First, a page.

Three asparagine synthetase genes of Bacillus subtilis. (1/39)

Three asparagine synthetase genes, asnB, asnH, and asnO (yisO), were predicted from the sequence of the Bacillus subtilis genome. We show here that the three genes are expressed differentially during cell growth. In a rich sporulation medium, expression of asnB was detected only during exponential growth, that of asnH was drastically elevated at the transition between exponential growth and stationary phase, and that of asnO was seen only later in sporulation. In a minimal medium, both asnB and asnH were expressed constitutively during exponential growth and in stationary phase, while the expression of asnO was not detected in either phase. However, when the minimal medium was supplemented with asparagine, only the expression of asnH was partially repressed. Transcription analyses revealed that asnB was possibly cotranscribed with a downstream gene, ytnA, while the asnH gene was transcribed as the fourth gene of an operon comprising yxbB, yxbA, yxnB, asnH, and yxaM. The asnO gene is a monocistronic operon, the expression of which was dependent on one of the sporulation sigma factors, sigma-E. Each of the three genes, carried on a low-copy-number plasmid, complemented the asparagine deficiency of an Escherichia coli strain lacking asparagine synthetases, indicating that all encode an asparagine synthetase. In B. subtilis, deletion of asnO or asnH, singly or in combination, had essentially no effect on growth rates in media with or without asparagine. In contrast, deletion of asnB led to a slow-growth phenotype, even in the presence of asparagine. A strain lacking all three genes still grew without asparagine, albeit very slowly, implying that B. subtilis might have yet another asparagine synthetase, not recognized by sequence analysis. The strains lacking asnO failed to sporulate, indicating an involvement of this gene in sporulation.  (+info)

X-ray crystal structure of aminoimidazole ribonucleotide synthetase (PurM), from the Escherichia coli purine biosynthetic pathway at 2.5 A resolution. (2/39)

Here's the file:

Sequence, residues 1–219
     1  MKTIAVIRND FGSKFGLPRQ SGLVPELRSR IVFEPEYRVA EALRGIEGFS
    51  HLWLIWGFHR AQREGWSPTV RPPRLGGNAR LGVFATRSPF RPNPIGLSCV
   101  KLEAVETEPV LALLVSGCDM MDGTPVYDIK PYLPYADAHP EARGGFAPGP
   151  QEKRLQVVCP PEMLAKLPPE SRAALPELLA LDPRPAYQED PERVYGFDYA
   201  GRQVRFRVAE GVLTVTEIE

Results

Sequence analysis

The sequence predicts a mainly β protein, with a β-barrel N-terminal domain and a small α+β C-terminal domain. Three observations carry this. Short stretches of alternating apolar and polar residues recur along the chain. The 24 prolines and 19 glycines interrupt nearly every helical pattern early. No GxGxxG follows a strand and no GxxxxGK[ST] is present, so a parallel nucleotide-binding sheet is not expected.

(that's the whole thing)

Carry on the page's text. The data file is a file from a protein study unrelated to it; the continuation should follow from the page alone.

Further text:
BACKGROUND: The purine biosynthetic pathway in procaryotes enlists eleven enzymes, six of which use ATP. Enzymes 5 and 6 of this pathway, formylglycinamide ribonucleotide (FGAR) amidotransferase (PurL) and aminoimidazole ribonucleotide (AIR) synthetase (PurM) utilize ATP to activate the oxygen of an amide within their substrate toward nucleophilic attack by a nitrogen. AIR synthetase uses the product of PurL, formylglycinamidine ribonucleotide (FGAM) and ATP to make AIR, ADP and P(i). RESULTS: The structure of a hexahistidine-tagged PurM has been solved by multiwavelength anomalous diffraction phasing techniques using protein containing 28 selenomethionines per asymmetric unit. The final model of PurM consists of two crystallographically independent dimers and four sulfates. The overall R factor at 2.5 A resolution is 19.2%, with an R(free) of 26.4%. The active site, identified in part by conserved residues, is proposed to be a long groove generated by the interaction of two monomers. A search of the sequence databases suggests that the ATP-binding sites between PurM and PurL may be structurally conserved. CONCLUSIONS: The first structure of a new class of ATP-binding enzyme, PurM, has been solved and a model for the active site has been proposed. The structure is unprecedented, with an extensive and unusual sheet-mediated intersubunit interaction defining the active-site grooves. Sequence searches suggest that two successive enzymes in the purine biosynthetic pathway, proposed to use similar chemistries, will have similar ATP-binding domains.  (+info)

A highly conserved mechanism of regulated ribosome stalling mediated by fungal arginine attenuator peptides that appears independent of the charging status of arginyl-tRNAs. (3/39)

The Arg attenuator peptide (AAP) is an evolutionarily conserved peptide involved in Arg-specific negative translational control. It is encoded as an upstream open reading frame (uORF) in fungal mRNAs specifying the small subunit of Arg-specific carbamoyl phosphate synthetase. We examined the functions of the Saccharomyces cerevisiae CPA1 and Neurospora crassa arg-2 AAPs using translation extracts from S. cerevisiae, N. crassa, and wheat germ. Synthetic RNA containing AAP and firefly luciferase (LUC) sequences were used to program translation; analyses of LUC activity indicated that the AAPs conferred Arg-specific negative regulation in each system. The AAPs functioned either as uORFs or fused in-frame at the N terminus of LUC. Mutant AAPs lacking function in vivo did not function in vitro. Therefore, trans-acting factors conferring AAP-mediated regulation are in both fungal and plant systems. Analyses of ribosome stalling in the fungal extracts by primer extension inhibition (toeprint) assays showed that these AAPs acted similarly to stall ribosomes in the region immediately distal to the AAP coding region in response to Arg. The regulatory effect increased as the Arg concentration increased; all of the arginyl-tRNAs examined appeared maximally charged at low Arg concentrations. Therefore, AAP-mediated Arg-specific regulation appeared independent of the charging status of arginyl-tRNA.  (+info)